During my interview for LFP, I remember hearing the Sharon, LFP’s field station coordinator, tell me that the site in West Java was more of an agroforest than real forest. Thinking that the site would be similar to the lush deciduous forest of Northen Thailand that was also classified as agroforest, which I had visited last summer for an internship at an elephant sanctuary, I was astonished at the state of the habitat of the slow lorises in Cipaganti. No amount of reading about deforestation and looking at pictures could have prepared me for the real thing. Though I am well versed in the deforestation that is rampant all over the world, this is my first time witnessing its very real and devastating consequences face to face. Back at the Thai elephant conservation project last summer, the face of deforestation took the form of rolling fields of bare soil resultant from burning down the forest to grow corn. However, there still appeared to be a good bit of forest left for the elephants to roam. On the surface, this site is not so different from Cipaganti, where the loris habitats encompass vast fields of tea, coffee, and various vegetables. Yet, the disparities lie in the fact that the lorises are forced to live in much smaller areas of forest, which are infinitely more broken up and fragmented than the elephant forests of Thailand. It is truly devastating.
The Little Fireface Project is a glimmer of hope in this sea of devastation. All of the volunteers and staff bond over our shared hope that things will get better for the lorises. It is a breath of fresh air from the rest of society, both Western and Eastern. Everyone here just gets it. We are from all over the world, yet we are united in our laughter, and most importantly our understanding of the real diseases with which humans are plaguing Earth. Everyone gets that our species is the one that have created so many challenges for our fellow earthlings. They get that humans are also part of the solution to at least begin to revert the devastation we have caused. It is certainly a nice change to be around people who are all genuinely working towards the same goal of helping protect animals. Sadly, my time here has flown. With only 3 weeks remaining as part of this wonderful team, I can’t help but feel confused as to where all the time went. I will never get used to the site of seeing the lorises gracefully and acrobatically traverse through the trees. This experience will always be lodged into my memory.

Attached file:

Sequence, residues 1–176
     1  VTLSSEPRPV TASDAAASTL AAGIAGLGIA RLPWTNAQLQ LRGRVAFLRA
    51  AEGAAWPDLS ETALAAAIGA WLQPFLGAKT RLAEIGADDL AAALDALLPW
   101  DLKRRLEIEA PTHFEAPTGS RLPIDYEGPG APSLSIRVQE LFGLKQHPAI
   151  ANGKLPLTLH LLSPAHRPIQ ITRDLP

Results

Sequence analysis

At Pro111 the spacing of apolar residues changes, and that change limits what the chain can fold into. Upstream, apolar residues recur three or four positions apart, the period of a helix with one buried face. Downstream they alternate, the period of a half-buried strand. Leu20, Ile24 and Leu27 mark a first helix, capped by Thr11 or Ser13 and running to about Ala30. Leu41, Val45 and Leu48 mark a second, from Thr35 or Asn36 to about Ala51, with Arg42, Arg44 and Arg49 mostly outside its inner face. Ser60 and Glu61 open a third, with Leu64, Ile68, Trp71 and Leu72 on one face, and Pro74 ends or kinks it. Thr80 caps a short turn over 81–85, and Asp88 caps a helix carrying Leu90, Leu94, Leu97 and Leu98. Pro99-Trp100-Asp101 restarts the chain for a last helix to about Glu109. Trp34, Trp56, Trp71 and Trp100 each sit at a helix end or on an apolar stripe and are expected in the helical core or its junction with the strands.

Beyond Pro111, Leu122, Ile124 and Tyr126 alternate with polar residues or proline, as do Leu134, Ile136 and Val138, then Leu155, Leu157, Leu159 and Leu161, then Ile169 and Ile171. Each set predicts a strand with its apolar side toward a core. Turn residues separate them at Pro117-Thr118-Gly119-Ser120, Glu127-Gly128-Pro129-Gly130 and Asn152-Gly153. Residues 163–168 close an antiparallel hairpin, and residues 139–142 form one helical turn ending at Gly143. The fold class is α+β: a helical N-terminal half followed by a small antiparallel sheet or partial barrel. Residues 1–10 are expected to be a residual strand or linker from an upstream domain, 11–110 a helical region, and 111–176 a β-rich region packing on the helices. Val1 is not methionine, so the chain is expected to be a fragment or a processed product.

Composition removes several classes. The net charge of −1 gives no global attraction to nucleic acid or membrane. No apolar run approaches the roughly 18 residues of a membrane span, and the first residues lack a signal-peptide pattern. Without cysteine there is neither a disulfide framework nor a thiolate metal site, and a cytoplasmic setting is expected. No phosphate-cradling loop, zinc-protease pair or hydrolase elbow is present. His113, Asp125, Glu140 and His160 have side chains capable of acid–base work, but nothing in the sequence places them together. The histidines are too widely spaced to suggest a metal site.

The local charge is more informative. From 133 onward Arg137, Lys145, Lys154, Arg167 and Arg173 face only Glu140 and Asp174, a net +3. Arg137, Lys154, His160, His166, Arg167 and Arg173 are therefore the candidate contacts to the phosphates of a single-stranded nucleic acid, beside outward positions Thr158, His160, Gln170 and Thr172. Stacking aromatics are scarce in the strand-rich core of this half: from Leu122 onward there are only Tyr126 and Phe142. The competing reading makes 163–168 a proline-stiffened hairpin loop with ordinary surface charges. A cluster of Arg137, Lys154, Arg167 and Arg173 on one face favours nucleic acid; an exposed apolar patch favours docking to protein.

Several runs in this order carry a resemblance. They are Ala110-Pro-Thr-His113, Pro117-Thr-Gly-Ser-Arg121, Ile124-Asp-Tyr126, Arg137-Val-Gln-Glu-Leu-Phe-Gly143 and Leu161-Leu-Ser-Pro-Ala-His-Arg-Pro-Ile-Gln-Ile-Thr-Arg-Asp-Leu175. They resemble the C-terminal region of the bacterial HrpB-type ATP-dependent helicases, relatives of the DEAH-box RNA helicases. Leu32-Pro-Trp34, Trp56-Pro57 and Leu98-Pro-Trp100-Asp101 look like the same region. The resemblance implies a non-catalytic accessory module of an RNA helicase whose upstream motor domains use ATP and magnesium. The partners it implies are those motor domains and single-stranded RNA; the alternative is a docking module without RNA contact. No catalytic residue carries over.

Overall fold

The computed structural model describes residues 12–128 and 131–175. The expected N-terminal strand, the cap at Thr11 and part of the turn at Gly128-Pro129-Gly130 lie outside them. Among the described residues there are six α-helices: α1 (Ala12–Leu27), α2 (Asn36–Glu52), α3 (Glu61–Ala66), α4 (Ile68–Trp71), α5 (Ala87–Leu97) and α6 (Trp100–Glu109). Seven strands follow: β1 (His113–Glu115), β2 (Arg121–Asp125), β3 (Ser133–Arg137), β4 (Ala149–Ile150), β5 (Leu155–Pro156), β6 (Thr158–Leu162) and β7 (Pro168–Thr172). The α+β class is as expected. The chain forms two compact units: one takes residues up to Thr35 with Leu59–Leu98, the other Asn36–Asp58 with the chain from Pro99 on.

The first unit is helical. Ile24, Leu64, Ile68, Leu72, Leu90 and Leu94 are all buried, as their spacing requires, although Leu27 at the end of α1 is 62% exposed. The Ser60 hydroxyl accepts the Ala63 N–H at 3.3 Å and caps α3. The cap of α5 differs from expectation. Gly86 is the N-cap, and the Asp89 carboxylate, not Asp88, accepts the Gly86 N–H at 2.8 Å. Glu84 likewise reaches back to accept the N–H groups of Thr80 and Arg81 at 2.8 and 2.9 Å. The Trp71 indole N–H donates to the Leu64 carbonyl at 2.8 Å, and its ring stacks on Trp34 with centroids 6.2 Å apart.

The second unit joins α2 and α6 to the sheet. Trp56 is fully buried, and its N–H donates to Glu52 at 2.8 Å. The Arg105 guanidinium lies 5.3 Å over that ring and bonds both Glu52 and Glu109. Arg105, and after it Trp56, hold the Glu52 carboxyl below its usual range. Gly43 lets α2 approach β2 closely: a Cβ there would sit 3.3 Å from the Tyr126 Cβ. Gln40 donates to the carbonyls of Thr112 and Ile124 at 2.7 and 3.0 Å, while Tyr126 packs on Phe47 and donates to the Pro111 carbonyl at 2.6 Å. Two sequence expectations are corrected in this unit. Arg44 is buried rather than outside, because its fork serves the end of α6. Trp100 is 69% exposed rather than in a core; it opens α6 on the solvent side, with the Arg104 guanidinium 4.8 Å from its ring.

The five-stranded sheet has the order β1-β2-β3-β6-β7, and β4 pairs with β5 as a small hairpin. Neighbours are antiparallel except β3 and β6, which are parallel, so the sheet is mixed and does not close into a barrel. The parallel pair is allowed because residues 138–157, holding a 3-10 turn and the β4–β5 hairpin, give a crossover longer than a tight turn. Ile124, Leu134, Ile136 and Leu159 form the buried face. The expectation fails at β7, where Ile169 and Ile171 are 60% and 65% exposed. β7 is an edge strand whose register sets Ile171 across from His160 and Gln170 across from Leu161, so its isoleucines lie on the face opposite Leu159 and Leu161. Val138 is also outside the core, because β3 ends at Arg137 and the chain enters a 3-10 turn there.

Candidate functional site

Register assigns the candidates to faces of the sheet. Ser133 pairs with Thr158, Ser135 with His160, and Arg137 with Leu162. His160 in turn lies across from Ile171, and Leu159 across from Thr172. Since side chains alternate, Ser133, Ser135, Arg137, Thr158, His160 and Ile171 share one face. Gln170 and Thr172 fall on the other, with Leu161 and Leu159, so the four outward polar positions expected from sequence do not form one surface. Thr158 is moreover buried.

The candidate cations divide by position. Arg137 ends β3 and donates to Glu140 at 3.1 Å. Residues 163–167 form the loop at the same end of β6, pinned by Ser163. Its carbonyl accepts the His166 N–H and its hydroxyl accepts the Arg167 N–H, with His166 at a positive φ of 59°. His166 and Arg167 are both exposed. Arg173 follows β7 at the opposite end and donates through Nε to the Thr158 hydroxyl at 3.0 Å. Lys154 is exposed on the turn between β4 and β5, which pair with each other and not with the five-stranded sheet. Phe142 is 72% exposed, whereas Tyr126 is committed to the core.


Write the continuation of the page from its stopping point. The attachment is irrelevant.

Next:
My advice for anyone who is interested in coming to LFP: apply, you won’t regret it. If you can’t make the trip all the way to Indonesia, you can also be part of the solution. My advice to you is to eat local, and go vegan.